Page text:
The opinion of the court was delivered by: Barbara A. McAuliffe United States Magistrate Judge
ORDER DISMISSING PLAINTIFF'S COMPLAINT WITH LEAVE TO AMEND
Plaintiff Porcha Neal ("Plaintiff"), proceeding pro se and in forma pauperis, has filed this civil rights action against the United States Department of Justice (the "DOJ") for events related to her arrest and incarceration in the criminal action of United States of America v. Major, et al., No. 07-cr-00156-LJO (E.D. Cal., 2007). Plaintiff alleges violations of 42 U.S.C. §§ 1983, 1985, 1986, 1988 *fn1 , the Fourth and Fourteenth Amendments of the United States Constitution, false arrest, false imprisonment, battery, negligence and violations of the Bane Act, Cal. Civ. Code §§ 51.7; 52.1.
Plaintiff brings this complaint to challenge the propriety of her arrest and the adequacy of her medical treatment while incarcerated. Explained in greater detail below, Plaintiff's Complaint fails to state a cognizable claim because she has asserted improper claims against an improper defendant. Plaintiff will be granted leave to amend her complaint in a manner consistent with this order.
On or about June 14, 2007, an arrest warrant was issued for
Plaintiff in United States of America v. Major, et al.,
No. 07-cr-00156-LJO (E.D. Cal., 2007). Pl.'s Compl., ¶ 13,
Doc. 1. Among other charges, Plaintiff was charged with conspiracy to
interfere with commerce by robbery. Id. After her
arrest, a detention order requiring Plaintiff to remain in custody
pending trial was subsequently issued. Id. at ¶
14. Plaintiff remained incarcerated from June 15, 2007 until December
23, 2009, at which point Plaintiff was acquitted of all criminal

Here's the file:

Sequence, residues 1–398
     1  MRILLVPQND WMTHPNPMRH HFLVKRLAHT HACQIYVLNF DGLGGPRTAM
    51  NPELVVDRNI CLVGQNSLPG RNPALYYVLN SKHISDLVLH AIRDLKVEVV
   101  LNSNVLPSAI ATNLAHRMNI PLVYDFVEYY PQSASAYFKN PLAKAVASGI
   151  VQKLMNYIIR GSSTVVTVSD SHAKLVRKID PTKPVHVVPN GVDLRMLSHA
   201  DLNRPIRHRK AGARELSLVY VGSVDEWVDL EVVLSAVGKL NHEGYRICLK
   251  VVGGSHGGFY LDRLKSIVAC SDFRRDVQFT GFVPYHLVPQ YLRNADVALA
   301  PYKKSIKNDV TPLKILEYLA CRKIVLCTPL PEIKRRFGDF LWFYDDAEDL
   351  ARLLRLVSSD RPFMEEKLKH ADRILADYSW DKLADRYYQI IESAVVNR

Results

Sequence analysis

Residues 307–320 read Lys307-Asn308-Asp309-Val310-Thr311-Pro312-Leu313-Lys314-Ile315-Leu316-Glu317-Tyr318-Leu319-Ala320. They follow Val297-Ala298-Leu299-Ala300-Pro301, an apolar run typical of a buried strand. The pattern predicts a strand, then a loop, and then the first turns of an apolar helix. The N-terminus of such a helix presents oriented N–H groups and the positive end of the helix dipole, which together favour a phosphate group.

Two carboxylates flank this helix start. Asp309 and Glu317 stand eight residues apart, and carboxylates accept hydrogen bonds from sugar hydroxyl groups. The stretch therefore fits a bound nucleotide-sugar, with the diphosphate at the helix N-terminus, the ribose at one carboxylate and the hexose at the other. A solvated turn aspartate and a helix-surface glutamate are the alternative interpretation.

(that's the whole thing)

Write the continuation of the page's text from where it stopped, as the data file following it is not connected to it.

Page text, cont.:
charges against her. Id. at ¶¶ 15, 17, 20.
Sometime prior to April 10, 2008, Plaintiff began to suffer from
"severe dental pain and discomfort." Id. at ¶ 17.
Shortly thereafter, Plaintiff filed a motion in the Major
proceeding to compel the U.S. Marshall to transport her for
outside dental treatment. Id. at ¶ 17. The motion
was denied. Id.
Pursuant to Title 28 of the United States Code Section 1915(e)(2), the Court has reviewed the complaint for sufficiency to state a claim. The court must dismiss a complaint or portion thereof if it determines that the action is legally "frivolous or malicious," fails to state a claim upon which relief may be granted, or seeks monetary relief from a defendant who is immune from such relief. 28 U.S.C. § 1915(e)(2). In reviewing a complaint under this standard, the Court must accept as true the allegations of the complaint in question ( Hospital Bldg. Co. v. Trustees of Rex Hospital , 425 U.S. 738, 740 (1976)), construe the pro se pleadings liberally in the light most favorable to the Plaintiff ( Resnick v. Hayes , 213 F.3d 443, 447 (9th Cir. 2000)), and resolve all doubts in the Plaintiff's favor ( Jenkins v. McKeithen , 395 U.S. 411, 421 (1969)).
A complaint must contain "a short and plain statement of the claim showing that the pleader is entitled to relief . . .." Fed. R. Civ. P. 8(a)(2). Detailed factual allegations are not required, but "[t]hreadbare recitals of the elements of a cause of action, supported by mere conclusory statements, do not suffice." Ashcroft v. Iqbal , 129 S.Ct. 1937, 1949 (2009) (citing Bell Atlantic Corp. v. Twombly , 550 U.S. 544, 555, 127 S.Ct. 1955, 1964-65 (2007)). Plaintiff must set forth "sufficient factual matter, accepted as true, to 'state a claim that is plausible on its face.'" Iqbal , 129 S.Ct. at 1949 (quoting Twombly , 550 U.S. at 555). While factual allegations are accepted as true, legal conclusion are not. Id . at 1949.
A pleading may not simply allege a wrong has been committed and demand relief. The underlying requirement is that a pleading give "fair notice" of the claim being asserted and the "grounds upon which it rests." Conley v. Gibson , 355 U.S. 41, 47-48 (1957); Yamaguchi v. United States Department of Air Force , 109 F.3d 1475, 1481 (9th Cir. 1997).
If the Court determines that the complaint fails to state a claim, leave to amend should be granted to the extent that the deficiencies of the complaint can be cured by amendment. Lopez v. Smith , 203 F.3d 1122, 1130 (9th Cir. 2000). Dismissal of a pro se complaint for failure to state a claim is proper only where it is obvious that the Plaintiff cannot prevail on ...